A review of recent literature found that some of the chemicals in e-cigarette liquid, propylene glycol and glycerol, cause throat irritation and coughing.89 Other research suggests that vapor exposure may be linked with impaired lung function.89 Chemical analyses that compare the profiles of electronic and traditional cigarettes have suggested that e-cigarettes have a reduced carcinogenic profile and impart a lower potential for disease.90 However, toxicants, carcinogens, and metal particles have been detected in the liquids and aerosols of e-cigarettes, and it is currently unclear what risk they pose with repeated use.91 As with traditional cigarettes, use of e-cigarettes involuntarily exposes nonusers to secondhand and thirdhand aerosol.91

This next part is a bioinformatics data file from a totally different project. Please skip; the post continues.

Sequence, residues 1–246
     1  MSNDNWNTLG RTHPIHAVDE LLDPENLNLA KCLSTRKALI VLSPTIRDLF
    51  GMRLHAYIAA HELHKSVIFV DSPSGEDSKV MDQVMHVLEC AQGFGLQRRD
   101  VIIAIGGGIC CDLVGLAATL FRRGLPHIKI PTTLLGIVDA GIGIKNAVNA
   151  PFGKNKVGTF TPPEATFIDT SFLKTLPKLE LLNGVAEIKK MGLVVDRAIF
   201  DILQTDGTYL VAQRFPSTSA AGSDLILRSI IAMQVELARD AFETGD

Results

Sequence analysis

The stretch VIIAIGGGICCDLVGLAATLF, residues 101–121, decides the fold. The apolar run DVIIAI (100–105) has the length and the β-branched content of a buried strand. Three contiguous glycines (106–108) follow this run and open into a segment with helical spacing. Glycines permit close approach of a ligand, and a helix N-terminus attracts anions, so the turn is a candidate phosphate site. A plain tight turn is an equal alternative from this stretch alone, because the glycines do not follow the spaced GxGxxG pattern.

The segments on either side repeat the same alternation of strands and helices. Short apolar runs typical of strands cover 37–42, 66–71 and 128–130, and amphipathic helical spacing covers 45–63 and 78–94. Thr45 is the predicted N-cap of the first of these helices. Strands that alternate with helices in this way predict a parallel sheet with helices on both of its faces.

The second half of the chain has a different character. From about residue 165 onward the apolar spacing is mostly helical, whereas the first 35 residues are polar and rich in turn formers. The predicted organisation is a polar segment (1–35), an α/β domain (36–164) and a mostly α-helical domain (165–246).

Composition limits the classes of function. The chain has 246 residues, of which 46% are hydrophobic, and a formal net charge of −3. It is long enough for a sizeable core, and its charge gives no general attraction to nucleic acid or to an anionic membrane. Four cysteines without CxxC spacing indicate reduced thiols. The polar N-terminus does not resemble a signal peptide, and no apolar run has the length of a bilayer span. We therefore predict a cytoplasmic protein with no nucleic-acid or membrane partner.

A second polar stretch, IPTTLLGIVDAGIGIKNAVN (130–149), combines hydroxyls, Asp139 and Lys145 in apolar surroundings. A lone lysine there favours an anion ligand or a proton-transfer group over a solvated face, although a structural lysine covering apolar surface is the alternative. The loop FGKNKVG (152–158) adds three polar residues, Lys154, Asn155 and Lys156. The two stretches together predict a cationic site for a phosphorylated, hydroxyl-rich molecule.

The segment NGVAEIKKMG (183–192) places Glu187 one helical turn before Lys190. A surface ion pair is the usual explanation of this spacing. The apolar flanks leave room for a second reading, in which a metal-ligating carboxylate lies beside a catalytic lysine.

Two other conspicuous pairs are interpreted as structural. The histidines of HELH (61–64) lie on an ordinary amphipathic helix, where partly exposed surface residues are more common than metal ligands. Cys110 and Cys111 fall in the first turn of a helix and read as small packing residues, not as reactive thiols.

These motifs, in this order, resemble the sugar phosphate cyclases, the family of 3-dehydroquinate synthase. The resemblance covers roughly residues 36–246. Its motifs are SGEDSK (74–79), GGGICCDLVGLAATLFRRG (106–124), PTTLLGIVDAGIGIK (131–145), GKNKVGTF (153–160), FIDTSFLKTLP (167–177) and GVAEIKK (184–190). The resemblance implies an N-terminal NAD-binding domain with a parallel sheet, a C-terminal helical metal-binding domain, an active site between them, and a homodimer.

The research on secondhand exposure to the aerosol from e-cigarettes is limited, but one study found that fine particulate matter concentrations during an indoor event in a large room with e-cigarette smokers were higher than those reported previously in venues that allowed cigarette smoking.88 An in vitro study showed that exposing lung tissues and cells to e-cigarette liquid induced increased inflammatory responses and oxidative stress markers.92 Another study that analyzed e-cigarette flavorings found that 39 of the 51 flavors tested positive for diacetyl, a chemical associated with an irreversible obstructive lung disease called bronchiolitis obliterans. Other chemicals, 2,3-pentanedione and acetoin, associated with severe respiratory diseases among exposed people, were also found in many e-cigarette flavorings.89